As it becomes clear that the presence of endogenous or exogenous acids during dehydration promotes ethoxylation, cross-linking, and depurination of formaldehyde-modified nucleic acids, the urgency of finding alternative reagents or changing the established procedure becomes more pressing. It is likely that the body of empirical observations accumulated to date in formalin fixation might already contain various solutions for this problem. Watson et al. (1986) suggested abandoning the entire postfixation processing in favor of the long-term storage of fixed brain tissue at −20C in an ethylene glycol-based cryoprotectant solution. It was confirmed later (Lu and Haber 1992; Hoffman and Le 2004) that this laborsaving approach did not compromise mRNA levels detected by in situ hybridization after 3, 10, and even up to 20 years of storage. Basyuk et al. (2000) increased the sensitivity of in situ hybridization with RNA probes 5- to 6-fold by employing formalin fixation in phosphate buffered saline, pH 9.5. Potentially, alkaline fixation might reduce or even abolish unwanted conversions of N-hydroxymethyl groups during conventional processing. Last, Fang et al. (2002) have recently reported that the quality of extracted DNA could be dramatically improved if dehydration was started from 30% ethanol, continued in 10% steps, and completed by critical point drying. This course of action is more likely to lead to the elimination of low molecular weight acids during the early dehydration steps, thus excluding their coprecipitation with nucleic acids that could occur in regular 70% or 80% ethanol. In addition, critical point drying appears to accelerate the decomposition of N-hydroxymethyl groups by removing the spontaneously released formaldehyde from specimens.

In this study, we have identified specific nucleotide alterations that are not reversible by methods, including enzymatic and heat treatment methods, currently used in the isolation of nucleic acids and their preparation for molecular biological analysis. It is possible that these modifications, were they to occur in tissue, would impair the ability of transcriptases to make cDNA copies of endogenous ribonucleic acids. Even if only 1% or 2% of bases are so modified, the transcription and amplification of sequences more than a few hundred bases long could be significantly impaired. It is plausible, therefore, that the modifications described here could explain the difficulty in recovering long transcripts, or even detecting low-abundance RNA species, from formalin-fixed, paraffin-embedded tissues. Additional experiments on polynucleotides will be required to establish whether these or similar changes actually occur during tissue processing.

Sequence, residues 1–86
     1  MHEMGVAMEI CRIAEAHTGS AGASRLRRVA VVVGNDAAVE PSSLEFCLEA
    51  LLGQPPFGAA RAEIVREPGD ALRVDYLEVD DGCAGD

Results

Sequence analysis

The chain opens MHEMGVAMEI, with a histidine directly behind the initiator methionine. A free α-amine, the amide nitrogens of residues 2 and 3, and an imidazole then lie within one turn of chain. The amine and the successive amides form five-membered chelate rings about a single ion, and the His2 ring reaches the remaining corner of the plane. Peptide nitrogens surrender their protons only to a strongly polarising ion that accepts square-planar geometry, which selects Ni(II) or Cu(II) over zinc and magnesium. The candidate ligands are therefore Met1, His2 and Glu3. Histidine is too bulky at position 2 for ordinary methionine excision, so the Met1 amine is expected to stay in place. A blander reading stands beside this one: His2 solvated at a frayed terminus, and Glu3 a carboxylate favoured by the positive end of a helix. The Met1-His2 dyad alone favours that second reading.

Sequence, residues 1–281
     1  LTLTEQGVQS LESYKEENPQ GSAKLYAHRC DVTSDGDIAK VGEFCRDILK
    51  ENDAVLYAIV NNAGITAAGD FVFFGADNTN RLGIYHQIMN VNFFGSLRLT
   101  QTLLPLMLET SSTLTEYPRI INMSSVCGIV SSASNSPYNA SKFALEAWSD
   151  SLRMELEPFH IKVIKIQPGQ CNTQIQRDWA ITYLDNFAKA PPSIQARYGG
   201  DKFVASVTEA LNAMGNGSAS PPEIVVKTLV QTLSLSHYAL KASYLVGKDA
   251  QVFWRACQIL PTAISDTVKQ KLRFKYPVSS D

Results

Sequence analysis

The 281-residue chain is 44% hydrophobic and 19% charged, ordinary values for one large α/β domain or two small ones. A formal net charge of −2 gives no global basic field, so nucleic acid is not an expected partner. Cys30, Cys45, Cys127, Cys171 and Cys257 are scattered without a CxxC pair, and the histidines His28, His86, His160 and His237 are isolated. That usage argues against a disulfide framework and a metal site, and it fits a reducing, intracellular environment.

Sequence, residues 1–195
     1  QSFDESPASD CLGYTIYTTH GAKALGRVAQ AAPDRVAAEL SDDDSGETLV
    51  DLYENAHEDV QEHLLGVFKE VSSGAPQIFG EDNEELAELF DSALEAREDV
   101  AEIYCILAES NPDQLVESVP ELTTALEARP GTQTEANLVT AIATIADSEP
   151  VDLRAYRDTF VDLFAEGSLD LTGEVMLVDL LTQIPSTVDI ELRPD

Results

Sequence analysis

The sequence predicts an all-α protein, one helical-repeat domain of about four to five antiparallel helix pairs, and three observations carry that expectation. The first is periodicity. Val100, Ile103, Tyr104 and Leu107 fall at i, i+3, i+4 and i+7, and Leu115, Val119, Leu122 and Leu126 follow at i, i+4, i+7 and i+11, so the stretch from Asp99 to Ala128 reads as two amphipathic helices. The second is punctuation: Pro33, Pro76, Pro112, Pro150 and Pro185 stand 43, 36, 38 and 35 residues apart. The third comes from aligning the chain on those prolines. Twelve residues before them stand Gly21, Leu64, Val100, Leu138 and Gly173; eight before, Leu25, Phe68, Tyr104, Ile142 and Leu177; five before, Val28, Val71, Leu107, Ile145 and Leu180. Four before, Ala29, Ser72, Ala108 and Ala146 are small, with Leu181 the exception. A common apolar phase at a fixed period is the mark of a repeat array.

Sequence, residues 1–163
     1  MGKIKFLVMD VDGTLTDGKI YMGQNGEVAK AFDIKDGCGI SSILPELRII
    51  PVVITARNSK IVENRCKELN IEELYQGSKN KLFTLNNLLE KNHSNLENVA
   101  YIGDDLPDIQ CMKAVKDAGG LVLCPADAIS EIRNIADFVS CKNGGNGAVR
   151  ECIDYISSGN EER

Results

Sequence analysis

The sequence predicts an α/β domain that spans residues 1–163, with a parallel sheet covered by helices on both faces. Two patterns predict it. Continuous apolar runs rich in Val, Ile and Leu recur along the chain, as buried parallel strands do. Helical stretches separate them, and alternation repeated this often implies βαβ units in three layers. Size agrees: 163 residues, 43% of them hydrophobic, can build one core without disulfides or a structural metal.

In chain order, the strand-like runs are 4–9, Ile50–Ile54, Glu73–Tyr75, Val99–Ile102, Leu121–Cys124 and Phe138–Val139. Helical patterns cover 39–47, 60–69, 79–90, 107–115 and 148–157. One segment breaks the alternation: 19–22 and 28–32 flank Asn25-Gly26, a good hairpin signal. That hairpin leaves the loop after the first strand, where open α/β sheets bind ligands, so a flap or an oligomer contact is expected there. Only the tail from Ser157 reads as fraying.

In conclusion, we express a hope that extensive mechanistic studies on the effects of alcoholic dehydration on conversions of formaldehyde-modified nucleic acids can fill the gap in our understanding of the status of nucleic acids in archived formalin-fixed, paraffin-embedded specimens. This would greatly improve the quality of molecular biological analysis in retrospective studies on such specimens and would also result in a tissue fixation procedure that satisfies the needs of tissue morphologists and molecular biologists alike. Additional experiments on oligonucleotides and intact nucleic acids will be required to determine with certainty the extent to which the modifications occurring during dehydration impair molecular biological analysis of formalin-fixed, paraffin-embedded tissue.


This work was supported, in part, by grants from the National Cancer Institute (1R33 CA107844 and 1R21CA91227) to T.J.O. and by the American Registry of Pathology.

This work is not to be construed as official or as representing the views of the Department of the Army or the Department of Veterans Affairs.